When choosing a new set of cycling shoes, women typically face a lot more difficulties than your average guy. Shops don’t sell as many women’s shoes, so they don’t stock as many.
For the same reason, most brands typically don’t make as many women’s shoes as they do men’s or ‘unisex’ models, particularly at the high end. For way too long, a large number of women have had to special order their size from a compromised selection, cross their toes and hope they fit.
Available in sizes EU36-44, the WR84 is the top women’s road shoe from Shimano and is the equivalent of the men’s R171, which ranges from sizes 38-50 and is the second from the top in the men’s range. We’ve reviewed the R171 before and this women’s offering incorporates all the same features, delivered with a women’s fit and black/blue colour scheme.
The WR84 is a welcome addition to the Shimano range. While the name doesn’t roll off the tongue, the shoe itself is light to hold, bling to look at, and feels luxurious to wear. It extends the women’s specific selection to riders with racing aspirations, without being so over-the-top that you’ll be frightened to wear it on training or social rides.
Shimano’s ‘surround upper’ really does help to wrap the shoe around the foot:
Shimano’s ‘Surround Upper’ helps to wrap the shoe over the foot for greater support
The stiff carbon composite sole is a real highlight and allows you to deliver power straight to the pedals. The upper has a synthetic outer, and a soft lining on the inside. Its wraparound construction provides a light, glove-like sensation aided by the placement of three straps on top. The lower strap has two points of adjustment and rotates at its attachment point, meaning you can get the placement of this strap just right.
The women’s fit translates to narrower toe area, lower overall volume and narrower heel cup. Having used some of Shimano’s very first women’s road and mountain bike shoes about ten years ago, I found the fit of these much improved. There was no more heal slip, no hot spots, and the front of the shoe was still roomy enough for my broad Australian feet. In fact, the stability provided by the last and the wraparound upper meant my feet didn’t move around in the shoes, even with the straps fairly relaxed.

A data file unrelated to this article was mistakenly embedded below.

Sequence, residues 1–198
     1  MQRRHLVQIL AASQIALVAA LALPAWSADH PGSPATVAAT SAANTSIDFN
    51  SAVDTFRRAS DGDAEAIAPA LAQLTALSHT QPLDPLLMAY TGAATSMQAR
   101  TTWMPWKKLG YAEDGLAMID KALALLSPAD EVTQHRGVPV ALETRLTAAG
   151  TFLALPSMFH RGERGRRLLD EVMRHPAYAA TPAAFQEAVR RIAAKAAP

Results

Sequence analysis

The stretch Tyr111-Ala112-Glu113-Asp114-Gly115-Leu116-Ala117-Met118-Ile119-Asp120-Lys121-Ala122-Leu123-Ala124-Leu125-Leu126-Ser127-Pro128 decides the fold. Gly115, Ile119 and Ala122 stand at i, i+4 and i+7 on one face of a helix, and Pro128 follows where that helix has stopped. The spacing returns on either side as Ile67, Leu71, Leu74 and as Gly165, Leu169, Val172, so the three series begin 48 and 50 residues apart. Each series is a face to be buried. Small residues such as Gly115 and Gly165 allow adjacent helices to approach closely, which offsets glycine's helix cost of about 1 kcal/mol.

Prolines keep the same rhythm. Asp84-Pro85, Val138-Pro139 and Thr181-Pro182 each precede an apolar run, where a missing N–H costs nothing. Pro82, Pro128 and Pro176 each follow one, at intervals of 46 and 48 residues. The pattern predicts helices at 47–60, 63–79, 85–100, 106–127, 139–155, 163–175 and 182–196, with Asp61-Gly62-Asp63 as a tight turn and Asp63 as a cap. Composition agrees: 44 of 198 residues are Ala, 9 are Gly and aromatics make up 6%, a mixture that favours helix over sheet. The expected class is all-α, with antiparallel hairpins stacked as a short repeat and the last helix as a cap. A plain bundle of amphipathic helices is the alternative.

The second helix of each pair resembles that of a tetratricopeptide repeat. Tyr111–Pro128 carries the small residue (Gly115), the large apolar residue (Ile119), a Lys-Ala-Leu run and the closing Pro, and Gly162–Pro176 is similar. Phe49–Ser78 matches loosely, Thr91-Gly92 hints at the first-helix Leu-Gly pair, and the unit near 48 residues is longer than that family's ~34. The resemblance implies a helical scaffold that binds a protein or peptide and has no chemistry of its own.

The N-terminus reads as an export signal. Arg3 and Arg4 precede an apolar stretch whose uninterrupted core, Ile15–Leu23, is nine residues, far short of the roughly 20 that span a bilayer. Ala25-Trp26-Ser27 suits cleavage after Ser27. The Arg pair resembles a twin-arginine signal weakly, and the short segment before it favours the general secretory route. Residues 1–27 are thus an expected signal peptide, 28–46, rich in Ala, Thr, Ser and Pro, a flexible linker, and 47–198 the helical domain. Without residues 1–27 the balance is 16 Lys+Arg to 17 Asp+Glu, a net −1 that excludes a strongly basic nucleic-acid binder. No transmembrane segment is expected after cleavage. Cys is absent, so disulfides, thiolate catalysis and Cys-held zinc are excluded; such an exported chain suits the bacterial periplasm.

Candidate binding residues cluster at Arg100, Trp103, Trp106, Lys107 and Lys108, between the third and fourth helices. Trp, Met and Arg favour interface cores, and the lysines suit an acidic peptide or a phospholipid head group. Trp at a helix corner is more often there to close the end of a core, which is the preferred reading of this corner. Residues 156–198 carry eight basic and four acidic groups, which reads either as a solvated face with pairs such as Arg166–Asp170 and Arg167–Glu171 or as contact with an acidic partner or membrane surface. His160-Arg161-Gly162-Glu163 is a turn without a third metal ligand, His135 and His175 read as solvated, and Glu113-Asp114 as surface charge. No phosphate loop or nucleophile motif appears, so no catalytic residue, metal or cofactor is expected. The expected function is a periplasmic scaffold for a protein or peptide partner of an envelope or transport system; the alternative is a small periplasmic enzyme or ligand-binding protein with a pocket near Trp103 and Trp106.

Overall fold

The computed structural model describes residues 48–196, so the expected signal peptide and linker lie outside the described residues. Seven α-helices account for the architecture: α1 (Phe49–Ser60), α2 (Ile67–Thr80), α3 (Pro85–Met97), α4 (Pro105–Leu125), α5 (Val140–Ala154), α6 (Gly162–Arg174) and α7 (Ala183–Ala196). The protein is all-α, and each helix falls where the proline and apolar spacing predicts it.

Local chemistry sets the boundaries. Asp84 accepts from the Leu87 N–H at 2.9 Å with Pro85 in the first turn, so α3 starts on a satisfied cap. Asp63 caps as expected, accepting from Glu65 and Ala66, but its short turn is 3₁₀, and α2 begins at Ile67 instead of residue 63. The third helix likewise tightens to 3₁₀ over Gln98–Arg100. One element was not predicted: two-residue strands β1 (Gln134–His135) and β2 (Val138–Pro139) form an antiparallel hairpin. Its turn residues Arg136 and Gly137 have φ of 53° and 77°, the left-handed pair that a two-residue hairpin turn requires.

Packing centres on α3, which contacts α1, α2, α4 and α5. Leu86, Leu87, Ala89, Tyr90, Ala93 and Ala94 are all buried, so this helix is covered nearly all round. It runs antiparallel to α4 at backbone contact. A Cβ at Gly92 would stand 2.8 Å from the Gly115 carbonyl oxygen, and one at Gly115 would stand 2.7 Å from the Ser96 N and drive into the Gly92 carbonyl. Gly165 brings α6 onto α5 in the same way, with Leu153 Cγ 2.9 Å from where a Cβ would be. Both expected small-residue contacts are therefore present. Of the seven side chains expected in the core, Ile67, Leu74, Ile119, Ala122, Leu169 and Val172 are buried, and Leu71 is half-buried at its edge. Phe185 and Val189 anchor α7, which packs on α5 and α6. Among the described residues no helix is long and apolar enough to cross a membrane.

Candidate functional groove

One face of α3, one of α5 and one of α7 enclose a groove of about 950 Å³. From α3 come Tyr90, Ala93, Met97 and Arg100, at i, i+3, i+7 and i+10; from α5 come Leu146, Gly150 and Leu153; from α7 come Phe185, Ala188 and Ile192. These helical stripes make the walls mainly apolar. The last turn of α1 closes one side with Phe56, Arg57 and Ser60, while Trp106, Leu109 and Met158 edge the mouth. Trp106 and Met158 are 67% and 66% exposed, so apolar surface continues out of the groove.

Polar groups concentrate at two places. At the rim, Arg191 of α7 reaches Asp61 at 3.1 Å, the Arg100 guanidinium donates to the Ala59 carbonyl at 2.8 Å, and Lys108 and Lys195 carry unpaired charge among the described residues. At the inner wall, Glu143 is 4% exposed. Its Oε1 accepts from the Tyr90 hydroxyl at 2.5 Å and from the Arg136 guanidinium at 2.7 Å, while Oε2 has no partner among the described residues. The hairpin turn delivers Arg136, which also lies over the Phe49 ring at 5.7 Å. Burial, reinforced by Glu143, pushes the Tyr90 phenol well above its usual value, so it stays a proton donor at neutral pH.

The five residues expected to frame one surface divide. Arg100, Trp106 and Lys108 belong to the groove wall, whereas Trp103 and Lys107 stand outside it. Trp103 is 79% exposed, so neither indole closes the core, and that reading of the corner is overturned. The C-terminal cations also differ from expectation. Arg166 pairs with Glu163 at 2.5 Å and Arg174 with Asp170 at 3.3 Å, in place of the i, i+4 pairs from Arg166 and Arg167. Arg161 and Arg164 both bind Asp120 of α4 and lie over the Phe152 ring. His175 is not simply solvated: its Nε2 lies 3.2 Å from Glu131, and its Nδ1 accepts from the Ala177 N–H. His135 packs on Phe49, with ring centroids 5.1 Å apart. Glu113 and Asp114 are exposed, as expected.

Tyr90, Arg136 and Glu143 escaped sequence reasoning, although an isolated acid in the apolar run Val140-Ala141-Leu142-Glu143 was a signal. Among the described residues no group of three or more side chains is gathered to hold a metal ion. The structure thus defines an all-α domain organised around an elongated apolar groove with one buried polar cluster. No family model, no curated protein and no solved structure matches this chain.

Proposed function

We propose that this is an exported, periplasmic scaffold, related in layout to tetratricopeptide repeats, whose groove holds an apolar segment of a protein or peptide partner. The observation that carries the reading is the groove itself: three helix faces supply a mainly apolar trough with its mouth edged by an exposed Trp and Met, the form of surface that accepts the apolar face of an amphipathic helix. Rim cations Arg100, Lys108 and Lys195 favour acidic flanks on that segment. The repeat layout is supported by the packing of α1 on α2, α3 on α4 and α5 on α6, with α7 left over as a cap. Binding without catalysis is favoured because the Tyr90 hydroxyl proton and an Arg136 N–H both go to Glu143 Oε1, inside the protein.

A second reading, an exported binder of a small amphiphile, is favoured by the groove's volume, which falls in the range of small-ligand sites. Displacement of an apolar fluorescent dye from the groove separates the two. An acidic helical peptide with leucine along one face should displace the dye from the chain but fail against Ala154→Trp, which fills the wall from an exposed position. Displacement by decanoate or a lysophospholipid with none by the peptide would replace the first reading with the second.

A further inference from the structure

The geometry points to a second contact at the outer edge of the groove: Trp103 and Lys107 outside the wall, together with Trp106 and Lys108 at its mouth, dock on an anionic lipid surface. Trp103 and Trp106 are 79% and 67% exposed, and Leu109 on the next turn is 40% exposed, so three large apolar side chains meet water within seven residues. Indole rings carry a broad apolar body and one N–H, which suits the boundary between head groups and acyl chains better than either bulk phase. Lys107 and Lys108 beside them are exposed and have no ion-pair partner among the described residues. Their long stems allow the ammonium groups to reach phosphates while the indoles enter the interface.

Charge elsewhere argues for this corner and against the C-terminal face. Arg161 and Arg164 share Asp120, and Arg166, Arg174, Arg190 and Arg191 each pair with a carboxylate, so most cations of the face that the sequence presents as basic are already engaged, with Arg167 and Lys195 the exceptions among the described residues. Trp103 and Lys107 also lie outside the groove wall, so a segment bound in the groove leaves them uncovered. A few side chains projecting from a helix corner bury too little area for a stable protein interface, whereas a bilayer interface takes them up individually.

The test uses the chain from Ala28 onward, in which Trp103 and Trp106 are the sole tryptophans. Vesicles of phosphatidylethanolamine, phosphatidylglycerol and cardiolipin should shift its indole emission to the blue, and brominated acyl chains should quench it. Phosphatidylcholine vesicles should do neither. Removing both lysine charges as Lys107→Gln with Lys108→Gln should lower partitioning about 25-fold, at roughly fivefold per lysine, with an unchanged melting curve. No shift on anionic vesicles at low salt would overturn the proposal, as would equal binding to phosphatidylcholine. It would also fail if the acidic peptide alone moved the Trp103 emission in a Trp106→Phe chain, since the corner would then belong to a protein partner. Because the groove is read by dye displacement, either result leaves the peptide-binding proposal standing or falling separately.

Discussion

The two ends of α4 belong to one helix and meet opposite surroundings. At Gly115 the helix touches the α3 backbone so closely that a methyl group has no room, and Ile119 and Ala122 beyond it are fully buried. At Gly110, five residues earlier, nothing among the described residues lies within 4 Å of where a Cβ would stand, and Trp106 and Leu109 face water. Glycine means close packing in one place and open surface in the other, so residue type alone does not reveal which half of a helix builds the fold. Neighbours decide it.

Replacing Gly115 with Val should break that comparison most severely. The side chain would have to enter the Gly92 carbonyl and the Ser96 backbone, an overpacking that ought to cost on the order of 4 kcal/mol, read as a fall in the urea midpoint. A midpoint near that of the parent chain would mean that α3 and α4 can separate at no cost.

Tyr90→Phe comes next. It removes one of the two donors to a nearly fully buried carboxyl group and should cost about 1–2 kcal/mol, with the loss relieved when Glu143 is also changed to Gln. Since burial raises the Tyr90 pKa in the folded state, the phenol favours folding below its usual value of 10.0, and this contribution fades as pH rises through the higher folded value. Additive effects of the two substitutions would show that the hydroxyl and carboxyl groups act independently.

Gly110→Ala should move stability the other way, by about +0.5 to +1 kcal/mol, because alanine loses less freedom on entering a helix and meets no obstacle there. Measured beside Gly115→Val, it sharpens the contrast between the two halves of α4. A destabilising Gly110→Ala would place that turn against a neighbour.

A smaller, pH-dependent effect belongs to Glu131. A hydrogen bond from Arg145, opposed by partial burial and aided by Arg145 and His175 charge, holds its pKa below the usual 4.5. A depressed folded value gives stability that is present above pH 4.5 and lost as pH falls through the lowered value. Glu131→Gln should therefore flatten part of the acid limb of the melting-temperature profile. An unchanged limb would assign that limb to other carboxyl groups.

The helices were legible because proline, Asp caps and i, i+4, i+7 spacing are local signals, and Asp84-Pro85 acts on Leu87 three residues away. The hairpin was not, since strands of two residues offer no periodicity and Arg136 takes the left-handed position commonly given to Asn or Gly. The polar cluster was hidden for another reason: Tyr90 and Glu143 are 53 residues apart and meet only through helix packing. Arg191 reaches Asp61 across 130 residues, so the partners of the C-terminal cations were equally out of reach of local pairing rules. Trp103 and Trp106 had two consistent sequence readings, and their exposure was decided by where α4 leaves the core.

The innersoles are comfortable, but quite basic compared to what shimano’s top-tier (more expensive) unisex shoe is supplied with:
Supplied insoles offer a set arch support. It would be nice for Shimano to supply its more adaptive alternative
The insoles appear to be a women’s version of Shimano’s dual-density cup insole. This design uses a denser foam under the heal and arch to increase support, longevity and comfort.
The custom-fit, heat-malleable insoles, included in the top of the line men’s R321 shoe ($300 / £TBC / AU$459), are available separately for about $45 / £TBC / AU$45 and add to the pro factor. These would be a valuable addition and would make the WR84s feel more like a top-of-the-line option while the market catches up. Specialized’s similarly priced insoles (which I’ve used in a previous shoe test) also fitted nicely and reduced the impacts of my high arch on pedalling and comfort. I was pleased to find that the shoe was still roomy enough with this added material.
Plenty of fore-aft adjustment range for the cleats. simply swap the placement of those red plastic bits for additional range:
Move those red inserts for greater fore-aft cleat adjustment range
One of the biggest difficulties with buying a new pair of road shoes is the set-up factor in relation to the related accessories you may need to purchase with them. It’s up to the user to figure out that the red material in the cleat holes in the WR84s can be moved to increase the forward-back range of cleat positions and that alternate insoles exist in appropriate sizes (right down to 35).
The Shimano SPD pedals I bought to test with these shoes were also bereft of any set-up advice. Given the importance and difficulty of setting up road cleats correctly, some more informative instructions from Shimano to consumers would be a helpful value-add. And given the large number of users buying these products online, or not wanting to pay extra cash for a bike fit at a shop, it would not only improve the experiences of customers, but stop the company losing long-term riders to other brands due to incorrect set up rather than a shortcoming of the product itself.
Having said this, by the time I got these related factors sorted, and isolated variables such as cleat set-up, pedal system and body particularities from the equation, the resulting ride experience confirmed the WR84s to be the most comfortable road shoes I’ve had the pleasure of using.
Shimano’s litertature for cleat setup is borderline useless. but once over this hurdle, i found great comfort for all-day rides:
The WR84’s are only available in black
Given the fit and comfort provided by the women’s last, it would take a lot of convincing to return to a unisex model. The design appears quite durable given the cost, aided by the robust sole material under the heal and toe, and the black colour is a winner with any cyclist who would rather spend more time pedalling than cleaning their kit.
They’ll do the job very well indeed, but – as shown by competitors’ more instructive fit systems and other models in the men’s range – there is still room for improvement for this top-level offering. Despite a bumpy introduction, the functionality of the design has certainly won me over in the long term.